Making the World Safe for Narcocracy

From Holden:

Your preznit, November 10, 2004:

In Afghanistan, brave men and women have transformed a country and they have inspired our world.

Yes, the Brits and the UN have noticed how we’ve transformed Afghanistan.

Afghanistan is a “narco-economy” and as such a likely breeding ground for terrorists, Britain admitted on Thursday, after the United Nations reported a 64 per cent increase in opium cultivation.

Three years after US-led forces ousted the Taliban, opium is the mainstay of the Afghan economy, accounting for more than 60 per cent of gross domestic product.

Britain, the lead nation in the anti-narcotics drive in Afghanistan, admitted that there was a risk of the opium boom re-creating the conditions that the “war against terror” was supposed to eliminate.

Bill Rammell, the British foreign office minister responsible, said Afghanistan was a “narco-economy” and that the west needed to take urgent action.

“We have always held the view that if you have a narco-economy, those are the very conditions in which terrorism breeds,” he told a press conference in Brussels.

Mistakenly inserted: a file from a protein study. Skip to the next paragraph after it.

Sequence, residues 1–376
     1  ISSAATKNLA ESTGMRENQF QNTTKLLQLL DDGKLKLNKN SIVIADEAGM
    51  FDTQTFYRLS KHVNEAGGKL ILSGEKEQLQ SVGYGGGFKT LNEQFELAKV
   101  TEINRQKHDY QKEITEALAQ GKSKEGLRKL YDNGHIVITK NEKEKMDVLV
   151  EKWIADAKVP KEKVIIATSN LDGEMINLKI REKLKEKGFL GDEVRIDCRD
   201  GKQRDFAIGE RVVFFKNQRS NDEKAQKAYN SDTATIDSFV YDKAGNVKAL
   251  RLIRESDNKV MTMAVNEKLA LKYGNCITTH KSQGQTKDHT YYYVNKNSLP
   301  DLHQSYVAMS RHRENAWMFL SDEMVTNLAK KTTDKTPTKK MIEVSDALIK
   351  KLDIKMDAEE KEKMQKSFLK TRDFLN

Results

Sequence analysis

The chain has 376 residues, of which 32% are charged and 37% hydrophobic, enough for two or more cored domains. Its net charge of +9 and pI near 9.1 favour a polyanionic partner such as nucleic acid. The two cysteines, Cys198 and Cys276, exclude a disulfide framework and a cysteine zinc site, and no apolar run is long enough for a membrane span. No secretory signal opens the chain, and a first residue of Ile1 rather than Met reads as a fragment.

The UN’s drugs and crime office suggested that the lucrative poppy crop is one of the few things keeping the lawless country from falling further into anarchy and poverty.

“Narcotics are the main engine of economic growth and the strongest bond between previously quarrelsome people,” it said. The crop is now grown in all 32 Afghan provinces.


Antonio Maria Costa, executive director of the UN’s drugs office, said Taliban and al-Qaeda fugitives near the Pakistan border might be among those profiting from the drugs trade.

“The fear that Afghanistan might degenerate into a narco-state is slowly becoming a reality, as corruption in the public sector, the die-hard ambition of local warlords and the complicity of local investors are becoming a factor in Afghan life,” he said.